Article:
cout << "num111:" << num111 << endl;
	cout << "num2:" << num2 << endl;
	cout << "num3:" << num3 << endl;
	cout << "num4:" << num4 << endl;


	return 0;
}

The results are as follows:

(2) sizeof keywords

Role: Use the sizeof keyword to statistics the size of memory occupied by the type

Syntax: sizeof (data type/variable)

The exercise code is as follows:

#include <iostream>
using namespace std;


int main()
{
	//Place data type
	cout << "short:" << sizeof(short) << endl;
	cout << "int:" << sizeof(int) << endl;
	cout << "long:" << sizeof(long) << endl;
	cout << "long long:" << sizeof(long long) << endl;


	//Place variable
	int a = 10;
	cout << "a:" << sizeof(a) << endl;

	long long b = 10;
	cout << "b:" << sizeof(b) << endl;
	//Compare size: shrot<int<=long<=long long

	return 0;
}

The results are as follows:

(3) Real type [Floating point type]

Role: Used to represent decimals

Floating-point variables are divided into two types:

  • Single Precision: float
  • Double precision: double

The difference between them is that the range of significant numbers represented is different

The exercise code is as follows:

#include <iostream>
using namespace std;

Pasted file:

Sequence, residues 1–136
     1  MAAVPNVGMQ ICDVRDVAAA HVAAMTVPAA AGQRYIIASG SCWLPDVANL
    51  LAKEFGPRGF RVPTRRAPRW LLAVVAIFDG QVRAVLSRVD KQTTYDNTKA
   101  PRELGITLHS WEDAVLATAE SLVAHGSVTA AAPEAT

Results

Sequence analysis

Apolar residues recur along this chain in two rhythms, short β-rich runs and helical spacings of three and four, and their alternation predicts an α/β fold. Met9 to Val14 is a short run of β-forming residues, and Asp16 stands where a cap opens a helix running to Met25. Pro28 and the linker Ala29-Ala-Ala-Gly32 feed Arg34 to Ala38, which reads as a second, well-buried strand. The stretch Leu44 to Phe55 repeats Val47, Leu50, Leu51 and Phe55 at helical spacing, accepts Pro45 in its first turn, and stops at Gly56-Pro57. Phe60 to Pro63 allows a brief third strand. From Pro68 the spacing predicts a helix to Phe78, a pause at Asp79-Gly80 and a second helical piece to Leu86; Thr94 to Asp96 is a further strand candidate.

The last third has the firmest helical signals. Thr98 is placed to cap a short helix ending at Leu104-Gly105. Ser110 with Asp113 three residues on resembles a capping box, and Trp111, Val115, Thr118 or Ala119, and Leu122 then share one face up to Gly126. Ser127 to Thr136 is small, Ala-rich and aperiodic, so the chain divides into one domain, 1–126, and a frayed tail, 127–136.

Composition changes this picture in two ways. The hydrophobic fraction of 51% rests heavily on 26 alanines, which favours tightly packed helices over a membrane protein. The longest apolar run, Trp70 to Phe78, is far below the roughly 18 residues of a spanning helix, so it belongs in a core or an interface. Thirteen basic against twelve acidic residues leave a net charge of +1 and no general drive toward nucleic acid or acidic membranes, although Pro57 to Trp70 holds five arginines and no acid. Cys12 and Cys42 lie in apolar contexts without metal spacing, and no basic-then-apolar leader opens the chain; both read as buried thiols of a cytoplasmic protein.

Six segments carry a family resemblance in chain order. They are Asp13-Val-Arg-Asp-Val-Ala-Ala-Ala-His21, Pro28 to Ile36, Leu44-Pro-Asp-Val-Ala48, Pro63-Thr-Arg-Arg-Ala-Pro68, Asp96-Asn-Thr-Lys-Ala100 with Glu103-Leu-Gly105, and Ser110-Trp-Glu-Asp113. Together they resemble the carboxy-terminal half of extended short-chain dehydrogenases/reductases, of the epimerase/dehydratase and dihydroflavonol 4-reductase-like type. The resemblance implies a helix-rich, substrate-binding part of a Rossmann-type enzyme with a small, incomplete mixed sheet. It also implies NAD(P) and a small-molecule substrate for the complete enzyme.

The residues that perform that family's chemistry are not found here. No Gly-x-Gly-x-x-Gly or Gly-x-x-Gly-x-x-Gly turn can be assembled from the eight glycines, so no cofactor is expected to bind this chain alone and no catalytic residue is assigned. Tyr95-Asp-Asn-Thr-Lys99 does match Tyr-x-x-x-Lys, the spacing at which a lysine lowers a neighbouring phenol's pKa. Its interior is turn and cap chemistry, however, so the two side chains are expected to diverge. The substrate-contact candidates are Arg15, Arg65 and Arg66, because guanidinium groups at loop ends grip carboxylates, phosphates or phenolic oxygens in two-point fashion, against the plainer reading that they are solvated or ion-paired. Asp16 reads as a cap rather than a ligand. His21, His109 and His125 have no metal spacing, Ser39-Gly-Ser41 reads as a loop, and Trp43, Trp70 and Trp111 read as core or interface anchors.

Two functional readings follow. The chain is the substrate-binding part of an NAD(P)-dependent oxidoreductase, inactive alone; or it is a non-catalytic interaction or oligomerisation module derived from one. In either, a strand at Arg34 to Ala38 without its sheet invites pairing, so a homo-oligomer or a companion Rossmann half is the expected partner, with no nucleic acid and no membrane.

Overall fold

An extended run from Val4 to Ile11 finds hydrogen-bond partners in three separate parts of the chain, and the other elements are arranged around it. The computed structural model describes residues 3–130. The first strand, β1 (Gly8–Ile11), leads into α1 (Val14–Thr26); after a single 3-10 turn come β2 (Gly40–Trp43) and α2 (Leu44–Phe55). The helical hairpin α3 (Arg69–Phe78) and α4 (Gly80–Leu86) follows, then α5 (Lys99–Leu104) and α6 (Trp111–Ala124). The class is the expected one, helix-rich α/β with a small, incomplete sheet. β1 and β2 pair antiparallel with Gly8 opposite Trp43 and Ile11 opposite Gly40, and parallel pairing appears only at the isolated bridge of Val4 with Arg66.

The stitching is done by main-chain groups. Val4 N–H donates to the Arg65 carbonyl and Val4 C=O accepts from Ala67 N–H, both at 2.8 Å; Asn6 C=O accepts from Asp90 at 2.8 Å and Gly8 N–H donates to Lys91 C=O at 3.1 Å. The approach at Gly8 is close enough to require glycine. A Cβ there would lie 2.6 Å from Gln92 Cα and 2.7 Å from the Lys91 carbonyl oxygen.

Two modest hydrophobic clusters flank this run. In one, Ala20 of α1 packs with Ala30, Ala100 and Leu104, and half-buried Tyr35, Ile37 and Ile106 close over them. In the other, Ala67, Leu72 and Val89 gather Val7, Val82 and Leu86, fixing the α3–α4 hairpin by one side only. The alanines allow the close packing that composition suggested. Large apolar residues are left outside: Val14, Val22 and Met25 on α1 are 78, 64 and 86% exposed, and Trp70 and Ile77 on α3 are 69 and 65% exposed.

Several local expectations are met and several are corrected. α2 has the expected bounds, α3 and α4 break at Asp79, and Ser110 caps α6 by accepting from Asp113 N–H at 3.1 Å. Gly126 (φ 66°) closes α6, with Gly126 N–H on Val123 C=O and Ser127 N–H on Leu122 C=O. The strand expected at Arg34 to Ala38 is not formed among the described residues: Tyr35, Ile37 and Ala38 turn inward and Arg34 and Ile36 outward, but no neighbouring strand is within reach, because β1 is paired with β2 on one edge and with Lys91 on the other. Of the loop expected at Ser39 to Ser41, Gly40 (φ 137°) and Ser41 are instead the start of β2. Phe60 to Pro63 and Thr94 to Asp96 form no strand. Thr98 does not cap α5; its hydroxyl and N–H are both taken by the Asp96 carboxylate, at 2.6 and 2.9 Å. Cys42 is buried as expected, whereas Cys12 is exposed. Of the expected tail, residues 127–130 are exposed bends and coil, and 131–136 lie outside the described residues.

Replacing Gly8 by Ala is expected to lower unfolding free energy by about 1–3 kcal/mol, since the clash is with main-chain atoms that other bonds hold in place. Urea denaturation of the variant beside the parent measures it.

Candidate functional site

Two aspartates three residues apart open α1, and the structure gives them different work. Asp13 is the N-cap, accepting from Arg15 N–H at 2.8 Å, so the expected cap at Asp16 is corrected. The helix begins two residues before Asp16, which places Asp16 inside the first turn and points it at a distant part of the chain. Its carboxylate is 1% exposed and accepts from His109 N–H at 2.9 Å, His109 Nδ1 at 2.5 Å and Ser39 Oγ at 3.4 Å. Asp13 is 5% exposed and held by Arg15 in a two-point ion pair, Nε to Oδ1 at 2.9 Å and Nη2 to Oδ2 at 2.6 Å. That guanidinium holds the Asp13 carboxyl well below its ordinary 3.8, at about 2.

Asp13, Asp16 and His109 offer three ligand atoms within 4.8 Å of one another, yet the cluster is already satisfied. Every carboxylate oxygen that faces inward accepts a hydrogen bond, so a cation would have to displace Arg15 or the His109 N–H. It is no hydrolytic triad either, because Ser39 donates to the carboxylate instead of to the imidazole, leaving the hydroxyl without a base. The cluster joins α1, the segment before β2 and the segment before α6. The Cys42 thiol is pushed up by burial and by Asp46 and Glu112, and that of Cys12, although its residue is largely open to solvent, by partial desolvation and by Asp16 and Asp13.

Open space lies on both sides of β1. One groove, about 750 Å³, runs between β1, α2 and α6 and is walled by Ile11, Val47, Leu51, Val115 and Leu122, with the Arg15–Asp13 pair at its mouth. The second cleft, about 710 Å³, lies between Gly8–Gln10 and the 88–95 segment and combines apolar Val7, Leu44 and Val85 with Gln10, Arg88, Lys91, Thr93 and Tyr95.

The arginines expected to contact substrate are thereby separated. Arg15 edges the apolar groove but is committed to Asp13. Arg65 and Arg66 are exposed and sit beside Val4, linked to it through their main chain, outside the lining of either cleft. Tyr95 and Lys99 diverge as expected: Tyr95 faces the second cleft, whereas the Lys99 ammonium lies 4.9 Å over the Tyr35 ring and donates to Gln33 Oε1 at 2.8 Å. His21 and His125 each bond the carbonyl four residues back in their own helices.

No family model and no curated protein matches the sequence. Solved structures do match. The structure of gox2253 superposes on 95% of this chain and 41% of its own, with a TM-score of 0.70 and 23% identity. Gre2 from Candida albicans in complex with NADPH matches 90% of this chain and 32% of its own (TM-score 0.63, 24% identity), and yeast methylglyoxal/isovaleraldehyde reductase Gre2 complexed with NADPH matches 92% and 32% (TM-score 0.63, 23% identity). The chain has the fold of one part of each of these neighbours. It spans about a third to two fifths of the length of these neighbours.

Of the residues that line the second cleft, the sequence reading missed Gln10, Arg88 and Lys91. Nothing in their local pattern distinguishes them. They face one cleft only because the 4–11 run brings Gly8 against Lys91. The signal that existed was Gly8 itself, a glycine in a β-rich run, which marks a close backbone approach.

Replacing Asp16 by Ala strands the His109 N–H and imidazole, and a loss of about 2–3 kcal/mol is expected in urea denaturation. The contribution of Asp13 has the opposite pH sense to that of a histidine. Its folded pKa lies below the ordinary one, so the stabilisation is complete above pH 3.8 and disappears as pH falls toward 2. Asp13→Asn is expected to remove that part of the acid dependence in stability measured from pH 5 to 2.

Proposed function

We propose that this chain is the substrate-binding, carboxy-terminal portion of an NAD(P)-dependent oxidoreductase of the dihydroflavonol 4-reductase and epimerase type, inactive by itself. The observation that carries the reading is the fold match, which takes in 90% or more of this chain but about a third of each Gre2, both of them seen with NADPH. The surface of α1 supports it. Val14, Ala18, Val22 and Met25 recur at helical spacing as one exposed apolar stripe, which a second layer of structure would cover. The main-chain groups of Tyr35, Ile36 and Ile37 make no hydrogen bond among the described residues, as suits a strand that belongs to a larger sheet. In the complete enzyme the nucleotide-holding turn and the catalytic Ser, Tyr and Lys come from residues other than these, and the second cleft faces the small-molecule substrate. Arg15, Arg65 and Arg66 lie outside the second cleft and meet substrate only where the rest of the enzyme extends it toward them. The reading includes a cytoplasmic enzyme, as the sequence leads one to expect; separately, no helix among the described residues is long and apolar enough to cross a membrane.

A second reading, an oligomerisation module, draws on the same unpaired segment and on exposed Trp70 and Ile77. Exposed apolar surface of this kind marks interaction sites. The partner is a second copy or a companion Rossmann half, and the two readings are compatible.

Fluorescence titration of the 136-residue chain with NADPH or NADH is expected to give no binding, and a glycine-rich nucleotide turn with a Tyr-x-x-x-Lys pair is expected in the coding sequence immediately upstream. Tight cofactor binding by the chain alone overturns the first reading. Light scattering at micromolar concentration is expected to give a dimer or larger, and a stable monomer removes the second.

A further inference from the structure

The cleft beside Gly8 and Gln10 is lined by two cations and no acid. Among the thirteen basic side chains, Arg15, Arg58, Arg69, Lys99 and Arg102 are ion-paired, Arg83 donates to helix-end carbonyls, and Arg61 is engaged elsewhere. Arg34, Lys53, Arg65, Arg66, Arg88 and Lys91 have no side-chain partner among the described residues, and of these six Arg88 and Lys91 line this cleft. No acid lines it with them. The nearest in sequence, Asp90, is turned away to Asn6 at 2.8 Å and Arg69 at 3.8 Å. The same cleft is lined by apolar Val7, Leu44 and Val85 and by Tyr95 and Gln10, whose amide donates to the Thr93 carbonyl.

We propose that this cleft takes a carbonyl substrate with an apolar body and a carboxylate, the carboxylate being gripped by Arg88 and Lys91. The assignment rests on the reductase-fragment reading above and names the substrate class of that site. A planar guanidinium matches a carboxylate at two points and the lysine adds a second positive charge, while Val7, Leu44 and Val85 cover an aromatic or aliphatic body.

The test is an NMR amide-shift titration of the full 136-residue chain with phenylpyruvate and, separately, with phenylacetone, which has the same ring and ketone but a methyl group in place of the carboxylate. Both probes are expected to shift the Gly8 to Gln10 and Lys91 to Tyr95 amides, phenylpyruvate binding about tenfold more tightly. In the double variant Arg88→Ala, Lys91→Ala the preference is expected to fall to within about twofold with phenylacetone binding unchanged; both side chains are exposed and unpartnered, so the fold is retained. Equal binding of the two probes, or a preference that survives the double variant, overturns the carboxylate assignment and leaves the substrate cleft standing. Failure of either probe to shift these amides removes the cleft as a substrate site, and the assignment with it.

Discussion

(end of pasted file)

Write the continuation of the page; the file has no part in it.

int main()
{
	//Create Single Precision Variable
	float f1 = 3.14159267;//The compiler considers it a double precision type
	float f2 = 3.14159267f;//Clearly tells the compiler that f2 is a single-precision type variable


	//Create Double Variable
	double d1 = 3.14159267;

	cout << "f1:" << f1 << endl;
	cout << "f2:" << f2 << endl;
	cout << "d1:" << d1 << endl;


	//In the C++ compiler, 6-bit significant numbers are output by default
	//3.13 is a 3-digit significant number
	//3.1 is a 2-digit significant number


	//Calculate the memory space occupied by float s and double s
	cout << "flaot The amount of memory used is:" << sizeof(float) << endl;
	cout << "double The amount of memory used is:" << sizeof(double) << endl;


	//Scientific notation for decimals
	float f3 = 3e2;//3*10^2
	cout << "f3:" << f3 << endl;


	float f4 = 3e-2;//3*0.1^2
	cout << "f4:" << f4 << endl;
	return 0;
}

The results are as follows:

(4) Character type

Role: Character variables are used to display a single character

Syntax: char ch='a';

Note: Single quotation marks can only contain one character, not more than one

  • Character variables only take up one byte in C and C++.
  • Character variables do not store the character itself in memory, they store the corresponding ASCII encoding in the storage unit

The exercise code is as follows:

#include <iostream>
using namespace std;


int main()
{
	char ch = 'a';
	cout << "ch:" << ch << endl;
	cout << "char The size of memory occupied:" << sizeof(char) << endl;

	//View ASCII coded values for character variables
	//a-97
	//A-65
	cout << "a Of ASCII Coded value:" << (int)ch << endl;

	char cha = 'b';
	cout << "b Of ASCII Coded value:" << (int)cha << endl;


	//Common errors with character variables
	//char ch2 = "b";//Single quotation marks for character variables
	//Char CH3 ='abc'; //Only one character can be used within single quotation marks

	return 0;